Missouri covers 68,886 square miles, with a 2017 estimated population of 6,113,532 people – 1,543,701 living in rural areas (USDA-ERS). Jefferson City, the capital, is located in the central region of the state. The state’s largest cities are Jefferson City, Kansas City, St. Louis, and Springfield. According to 2017 data from the U.S. Census Bureau, 83.1% of the state’s population is white, 11.8% is African-American, 2.1% is Asian, 0.6% is American Indian or Alaska Native, 0.1% is Native Hawaiian or Other Pacific Islander, and 4.2% is of Hispanic or Latino origin.
Missouri Rural Healthcare Facilities
According to data.HRSA.gov, as of July 2018 Missouri had:
- 36 Critical Access Hospitals
- 361 Rural Health Clinics
- 120 Federally Qualified Health Centers located outside of Urbanized Areas
- 36 short term hospitals located outside of Urbanized Areas
Selected Social Determinants of Health for Rural Missouri
9% of Missouri residents lack health insurance (Kaiser, 2017). According to the USDA Economic Research Service, the average per capita income for Missourians in 2016 was $42,926 although rural per capita income lagged at $33,668. The ERS reports, based on 2017 ACS data, that the poverty rate in rural Missouri is 17.5%, compared with 12.1% in urban areas of the state. 15.8% of the rural population has not completed high school, while 9.6% of the urban population lacks a high school diploma according to 2012-2016 ACS data reported by ERS. The unemployment rate in rural Missouri is at 4.5%, while in urban Missouri it is at 3.6% (USDA-ERS, 2017).For a national comparison, please see an overview of the United States.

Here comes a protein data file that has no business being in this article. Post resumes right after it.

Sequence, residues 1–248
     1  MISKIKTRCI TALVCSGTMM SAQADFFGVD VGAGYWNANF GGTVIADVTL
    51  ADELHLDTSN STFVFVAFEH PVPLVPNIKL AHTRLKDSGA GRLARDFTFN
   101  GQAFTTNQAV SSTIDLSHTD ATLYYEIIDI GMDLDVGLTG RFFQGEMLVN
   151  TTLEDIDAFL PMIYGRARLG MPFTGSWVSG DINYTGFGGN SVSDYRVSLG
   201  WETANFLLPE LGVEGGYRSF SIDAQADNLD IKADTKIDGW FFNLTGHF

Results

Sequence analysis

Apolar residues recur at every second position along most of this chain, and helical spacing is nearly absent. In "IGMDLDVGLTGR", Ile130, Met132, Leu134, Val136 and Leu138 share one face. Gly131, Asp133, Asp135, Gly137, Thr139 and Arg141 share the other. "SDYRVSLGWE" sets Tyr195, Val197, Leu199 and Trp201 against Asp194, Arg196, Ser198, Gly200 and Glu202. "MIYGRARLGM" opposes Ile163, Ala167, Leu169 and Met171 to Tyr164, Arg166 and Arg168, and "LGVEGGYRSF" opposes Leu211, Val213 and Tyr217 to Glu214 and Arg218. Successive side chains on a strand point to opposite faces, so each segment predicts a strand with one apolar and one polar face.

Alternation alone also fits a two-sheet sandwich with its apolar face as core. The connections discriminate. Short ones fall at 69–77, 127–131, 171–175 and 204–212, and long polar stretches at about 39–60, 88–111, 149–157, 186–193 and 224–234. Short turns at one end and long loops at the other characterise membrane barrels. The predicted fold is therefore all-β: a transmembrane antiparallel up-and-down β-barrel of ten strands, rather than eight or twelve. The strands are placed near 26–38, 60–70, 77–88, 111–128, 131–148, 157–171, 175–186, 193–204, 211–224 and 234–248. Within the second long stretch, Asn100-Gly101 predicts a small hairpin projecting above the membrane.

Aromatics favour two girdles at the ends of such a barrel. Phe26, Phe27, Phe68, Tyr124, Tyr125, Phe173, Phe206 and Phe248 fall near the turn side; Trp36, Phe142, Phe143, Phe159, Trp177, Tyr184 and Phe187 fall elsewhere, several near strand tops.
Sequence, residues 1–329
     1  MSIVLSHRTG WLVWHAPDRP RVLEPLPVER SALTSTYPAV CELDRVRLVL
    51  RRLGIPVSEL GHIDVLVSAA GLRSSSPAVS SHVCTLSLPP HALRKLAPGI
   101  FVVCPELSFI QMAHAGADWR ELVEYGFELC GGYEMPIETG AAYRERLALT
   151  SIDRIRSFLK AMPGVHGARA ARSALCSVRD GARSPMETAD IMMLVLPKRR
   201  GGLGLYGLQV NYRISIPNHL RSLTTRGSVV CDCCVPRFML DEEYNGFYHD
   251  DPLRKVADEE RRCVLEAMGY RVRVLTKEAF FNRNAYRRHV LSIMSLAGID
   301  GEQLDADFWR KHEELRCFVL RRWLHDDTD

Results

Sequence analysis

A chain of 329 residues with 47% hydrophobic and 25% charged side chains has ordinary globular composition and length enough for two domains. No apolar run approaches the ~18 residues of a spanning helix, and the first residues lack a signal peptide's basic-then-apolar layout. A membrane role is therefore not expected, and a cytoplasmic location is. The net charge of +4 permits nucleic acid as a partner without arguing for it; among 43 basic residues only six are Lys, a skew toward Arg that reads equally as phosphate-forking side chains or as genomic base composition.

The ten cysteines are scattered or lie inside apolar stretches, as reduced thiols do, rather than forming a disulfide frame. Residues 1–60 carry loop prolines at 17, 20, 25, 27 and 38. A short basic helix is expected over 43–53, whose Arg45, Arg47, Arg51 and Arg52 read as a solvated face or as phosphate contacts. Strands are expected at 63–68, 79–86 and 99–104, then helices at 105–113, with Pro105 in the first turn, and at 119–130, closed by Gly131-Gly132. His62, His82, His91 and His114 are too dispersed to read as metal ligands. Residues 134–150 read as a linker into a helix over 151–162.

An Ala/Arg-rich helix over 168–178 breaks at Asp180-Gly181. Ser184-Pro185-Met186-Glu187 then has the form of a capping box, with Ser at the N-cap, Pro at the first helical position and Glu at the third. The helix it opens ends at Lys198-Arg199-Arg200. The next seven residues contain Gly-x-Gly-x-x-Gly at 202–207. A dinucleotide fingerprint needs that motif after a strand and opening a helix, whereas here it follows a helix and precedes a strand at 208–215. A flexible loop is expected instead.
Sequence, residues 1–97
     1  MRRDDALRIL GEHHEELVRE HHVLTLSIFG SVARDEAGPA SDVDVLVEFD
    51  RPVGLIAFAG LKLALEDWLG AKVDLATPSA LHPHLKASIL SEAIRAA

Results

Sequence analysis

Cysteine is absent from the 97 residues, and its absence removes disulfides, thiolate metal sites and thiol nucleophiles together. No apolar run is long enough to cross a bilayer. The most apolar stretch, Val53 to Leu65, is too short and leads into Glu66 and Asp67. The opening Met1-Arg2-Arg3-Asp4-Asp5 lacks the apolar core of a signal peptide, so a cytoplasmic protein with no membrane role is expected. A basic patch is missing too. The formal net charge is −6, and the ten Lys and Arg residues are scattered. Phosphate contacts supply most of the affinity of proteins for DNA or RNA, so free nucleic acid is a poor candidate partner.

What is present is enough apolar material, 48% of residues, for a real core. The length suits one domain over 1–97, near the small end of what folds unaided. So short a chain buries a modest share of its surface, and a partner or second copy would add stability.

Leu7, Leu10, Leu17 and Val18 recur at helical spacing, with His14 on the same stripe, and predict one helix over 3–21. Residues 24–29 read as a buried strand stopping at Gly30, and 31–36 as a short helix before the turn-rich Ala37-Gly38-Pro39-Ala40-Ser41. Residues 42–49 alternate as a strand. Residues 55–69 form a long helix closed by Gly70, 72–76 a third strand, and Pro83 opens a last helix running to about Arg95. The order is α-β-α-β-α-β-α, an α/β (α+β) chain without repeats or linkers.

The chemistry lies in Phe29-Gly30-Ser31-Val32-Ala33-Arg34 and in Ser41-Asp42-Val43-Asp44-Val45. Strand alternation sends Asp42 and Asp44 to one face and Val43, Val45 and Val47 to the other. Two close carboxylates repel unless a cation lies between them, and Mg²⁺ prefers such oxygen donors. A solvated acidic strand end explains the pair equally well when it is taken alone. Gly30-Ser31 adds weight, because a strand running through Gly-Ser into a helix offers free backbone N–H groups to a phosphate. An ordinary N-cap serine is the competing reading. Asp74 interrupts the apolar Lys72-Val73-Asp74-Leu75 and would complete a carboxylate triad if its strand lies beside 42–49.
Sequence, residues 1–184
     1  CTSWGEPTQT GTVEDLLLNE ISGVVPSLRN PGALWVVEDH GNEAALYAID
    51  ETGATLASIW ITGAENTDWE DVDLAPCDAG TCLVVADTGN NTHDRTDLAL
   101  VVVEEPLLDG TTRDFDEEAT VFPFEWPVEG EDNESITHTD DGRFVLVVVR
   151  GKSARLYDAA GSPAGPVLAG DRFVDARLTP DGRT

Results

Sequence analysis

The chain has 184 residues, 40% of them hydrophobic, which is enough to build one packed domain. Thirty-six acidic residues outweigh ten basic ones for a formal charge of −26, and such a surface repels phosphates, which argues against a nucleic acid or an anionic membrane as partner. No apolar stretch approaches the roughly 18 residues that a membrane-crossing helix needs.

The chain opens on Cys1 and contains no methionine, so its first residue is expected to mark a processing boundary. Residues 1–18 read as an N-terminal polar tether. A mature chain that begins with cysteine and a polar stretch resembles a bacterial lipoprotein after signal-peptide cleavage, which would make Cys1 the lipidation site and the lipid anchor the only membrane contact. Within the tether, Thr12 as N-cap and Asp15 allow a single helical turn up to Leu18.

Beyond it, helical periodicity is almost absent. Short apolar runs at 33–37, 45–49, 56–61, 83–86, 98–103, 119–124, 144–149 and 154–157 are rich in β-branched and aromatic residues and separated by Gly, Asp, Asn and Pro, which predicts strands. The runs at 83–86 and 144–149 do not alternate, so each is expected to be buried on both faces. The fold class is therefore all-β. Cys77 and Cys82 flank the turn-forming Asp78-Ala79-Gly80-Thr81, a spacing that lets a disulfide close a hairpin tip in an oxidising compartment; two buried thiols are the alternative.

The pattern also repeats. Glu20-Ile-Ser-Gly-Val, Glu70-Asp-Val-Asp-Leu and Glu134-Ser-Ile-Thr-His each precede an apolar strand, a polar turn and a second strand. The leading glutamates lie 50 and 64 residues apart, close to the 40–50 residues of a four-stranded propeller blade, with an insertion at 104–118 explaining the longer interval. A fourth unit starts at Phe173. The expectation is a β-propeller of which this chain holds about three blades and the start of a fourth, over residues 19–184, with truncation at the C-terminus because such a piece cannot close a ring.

Serves as the Missouri State Office of Rural Health (SORH). Helps communities provide access to healthcare services through community-based systems. Provides information on recruitment, loan repayment programs, and Missouri's Rural Health Clinics (RHCs).
There are more organizations related to Missouri in the organizations section.
Last Reviewed: 1/2/2019